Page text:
Bernard Marks

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All of my working time since I left high school has been connected with the law, and most of it has been spent within the intricacies of taxation law. However, I am delighted to say that I am now virtually fully retired.

I completed Law School at Sydney Uni in 1965. Under the antiquated system at the time, I was able to "article" for the last 2 years in a solicitor's office and hence I was admitted as a practitioner in early 1966. I then went to the US with a Fulbright to the University of Illinois where I completed an LL.M. While there I was asked if I wanted to learn Japanese and specialise in Japanese business transactions. I accepted the offer and, as a Ford Fellow, I spent 2 years in Seattle at the Far Eastern Institute and the University of Washington the Law School. By that time, I was able to translate Japanese legal documents and I had sufficiently worked with Japanese lawyers, written papers etc., that I received another master's degree. The next 5 years were spent in North America teaching at law schools and practising (I even got admitted in Canada).

I returned to Australia in 1974 to establish a tax program at the University of Adelaide Law School. I had expected to be there for 2 years but stayed a few years longer. I then moved to Melbourne to take up a new chair in tax law at the University of Melbourne where I established the post-graduate tax program (for lawyers and accountants). I left that position in 1995.

I have had an extensive domestic and international tax practice since I came back in 1974. Unfortunately, I spent too much time at airports, on jets, and living in hotels. For quite a few years, I had the ATO as my client and was involved in just about every complex tax audit matter that they had. I have also been counsel to Federal Cabinet, a Prime Minister, Treasurers, etc., on taxation matters, as well as the NZ Inland Revenue, the OECD, the German and US tax authorities. On the other side, I have acted for numerous major corporates in their battles with tax authorities here and overseas. Since the early 1990's, I principally was retained by a number of Australia's super wealthy families to sort out their convoluted worldwide tax affairs. As a group, I found these families interesting and generously rewarding for successful results. The downside was that they took control of my life.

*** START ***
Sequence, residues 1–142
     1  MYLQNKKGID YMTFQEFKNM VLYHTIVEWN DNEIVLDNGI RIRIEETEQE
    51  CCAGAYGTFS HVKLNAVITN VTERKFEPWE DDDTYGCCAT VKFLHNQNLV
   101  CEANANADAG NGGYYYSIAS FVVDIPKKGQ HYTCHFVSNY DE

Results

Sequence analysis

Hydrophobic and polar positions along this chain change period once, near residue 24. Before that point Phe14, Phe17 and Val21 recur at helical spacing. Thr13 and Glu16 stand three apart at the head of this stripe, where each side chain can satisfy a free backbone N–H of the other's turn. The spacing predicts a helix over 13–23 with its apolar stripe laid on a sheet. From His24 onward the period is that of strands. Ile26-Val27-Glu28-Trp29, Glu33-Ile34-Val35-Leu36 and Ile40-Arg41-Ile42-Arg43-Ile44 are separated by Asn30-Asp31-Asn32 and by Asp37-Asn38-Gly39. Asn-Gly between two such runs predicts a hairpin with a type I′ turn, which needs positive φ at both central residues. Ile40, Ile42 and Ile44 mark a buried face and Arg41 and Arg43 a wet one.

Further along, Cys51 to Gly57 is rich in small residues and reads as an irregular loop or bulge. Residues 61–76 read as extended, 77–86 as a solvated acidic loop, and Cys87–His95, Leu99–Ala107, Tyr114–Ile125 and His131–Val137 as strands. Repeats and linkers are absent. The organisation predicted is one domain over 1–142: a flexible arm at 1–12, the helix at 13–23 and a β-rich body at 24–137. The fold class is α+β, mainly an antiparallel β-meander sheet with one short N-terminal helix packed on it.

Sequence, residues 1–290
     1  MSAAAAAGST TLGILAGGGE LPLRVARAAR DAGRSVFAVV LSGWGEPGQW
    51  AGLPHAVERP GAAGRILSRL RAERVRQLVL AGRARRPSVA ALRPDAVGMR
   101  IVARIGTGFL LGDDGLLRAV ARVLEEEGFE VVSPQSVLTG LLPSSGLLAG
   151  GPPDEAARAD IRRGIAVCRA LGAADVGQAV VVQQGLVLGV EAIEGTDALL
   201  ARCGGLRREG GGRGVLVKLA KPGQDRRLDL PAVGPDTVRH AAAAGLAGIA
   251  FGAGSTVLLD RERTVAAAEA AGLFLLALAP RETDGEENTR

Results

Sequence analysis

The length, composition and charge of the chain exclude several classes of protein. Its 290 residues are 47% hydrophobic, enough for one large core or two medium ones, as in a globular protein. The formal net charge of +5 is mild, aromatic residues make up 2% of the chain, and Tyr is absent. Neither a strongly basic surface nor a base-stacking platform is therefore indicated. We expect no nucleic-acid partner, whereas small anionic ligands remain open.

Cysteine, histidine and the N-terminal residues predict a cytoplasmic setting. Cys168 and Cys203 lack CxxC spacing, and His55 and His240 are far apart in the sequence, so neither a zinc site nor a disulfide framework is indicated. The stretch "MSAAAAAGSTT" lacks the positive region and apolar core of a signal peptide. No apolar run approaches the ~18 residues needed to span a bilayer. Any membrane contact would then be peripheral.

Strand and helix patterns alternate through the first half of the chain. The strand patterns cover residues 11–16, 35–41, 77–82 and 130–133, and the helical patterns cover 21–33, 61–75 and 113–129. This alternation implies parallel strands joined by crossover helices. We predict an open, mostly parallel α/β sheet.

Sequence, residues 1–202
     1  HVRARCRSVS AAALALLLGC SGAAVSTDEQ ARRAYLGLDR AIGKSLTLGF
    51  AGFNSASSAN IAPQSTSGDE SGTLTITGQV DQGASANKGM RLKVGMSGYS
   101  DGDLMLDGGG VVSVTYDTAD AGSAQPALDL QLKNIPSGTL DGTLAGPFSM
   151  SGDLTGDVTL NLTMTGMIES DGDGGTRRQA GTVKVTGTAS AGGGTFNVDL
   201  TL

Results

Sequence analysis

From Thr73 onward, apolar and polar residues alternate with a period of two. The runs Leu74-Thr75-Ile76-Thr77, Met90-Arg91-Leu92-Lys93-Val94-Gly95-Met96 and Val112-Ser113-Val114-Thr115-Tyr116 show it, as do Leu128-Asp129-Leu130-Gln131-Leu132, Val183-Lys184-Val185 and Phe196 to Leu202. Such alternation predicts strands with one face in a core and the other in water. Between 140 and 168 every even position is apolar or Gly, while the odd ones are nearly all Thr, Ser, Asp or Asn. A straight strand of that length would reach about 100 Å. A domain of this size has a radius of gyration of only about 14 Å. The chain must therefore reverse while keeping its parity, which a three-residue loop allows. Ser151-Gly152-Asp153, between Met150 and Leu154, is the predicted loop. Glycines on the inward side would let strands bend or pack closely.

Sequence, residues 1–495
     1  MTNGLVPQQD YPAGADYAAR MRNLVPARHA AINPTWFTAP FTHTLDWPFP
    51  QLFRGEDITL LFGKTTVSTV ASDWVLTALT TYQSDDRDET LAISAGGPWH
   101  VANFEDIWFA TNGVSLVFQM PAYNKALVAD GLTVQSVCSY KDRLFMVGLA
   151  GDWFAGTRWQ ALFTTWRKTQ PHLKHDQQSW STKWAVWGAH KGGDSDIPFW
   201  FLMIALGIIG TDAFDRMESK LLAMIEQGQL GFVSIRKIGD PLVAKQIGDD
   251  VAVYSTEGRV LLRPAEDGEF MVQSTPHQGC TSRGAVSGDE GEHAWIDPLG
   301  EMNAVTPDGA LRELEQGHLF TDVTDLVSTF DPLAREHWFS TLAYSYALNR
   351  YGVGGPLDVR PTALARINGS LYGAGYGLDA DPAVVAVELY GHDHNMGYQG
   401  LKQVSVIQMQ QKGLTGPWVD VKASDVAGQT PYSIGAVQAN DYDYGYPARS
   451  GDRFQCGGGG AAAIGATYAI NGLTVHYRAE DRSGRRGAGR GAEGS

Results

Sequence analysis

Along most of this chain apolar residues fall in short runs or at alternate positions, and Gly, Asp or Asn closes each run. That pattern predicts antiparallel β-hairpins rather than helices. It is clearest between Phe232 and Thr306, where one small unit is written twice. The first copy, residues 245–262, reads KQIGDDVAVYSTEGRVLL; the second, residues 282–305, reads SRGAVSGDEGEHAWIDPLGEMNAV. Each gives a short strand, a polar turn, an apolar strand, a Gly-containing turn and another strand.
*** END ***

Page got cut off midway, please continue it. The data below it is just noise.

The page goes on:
As a specialist tax lawyer, I thrived on the two pillars of tax law - increasing complexity and constant change - which formed the basis of both academic work and legal practice. However, at the end of 1990's I began to think that there must be other things to interest me. By the end of last year I realized that I was in the fortunate position that I didn't have to work ever again and I have thus been in the process of rapidly winding down my practice by not taking any new matters. However, I still have one matter which requires frequent visits to Tokyo.

I married Joyce in 1968 (ex-Cremorne Girls High). She finished her architecture degree at Illinois. We are still very much in love. We have 3 fabulous girls. Caroline, 29 years, a lawyer with an MBA and lives in London where she works in interactive television and 3G wireless; Genevieve, 27 years, who is a dentist in Melbourne and who is just about to start a specialty in oral medicine; and Danielle, 25 years, another lawyer who works in a mid-size law firm in Melbourne.

I now spend my time reading and playing golf but will soon start studies in history and art.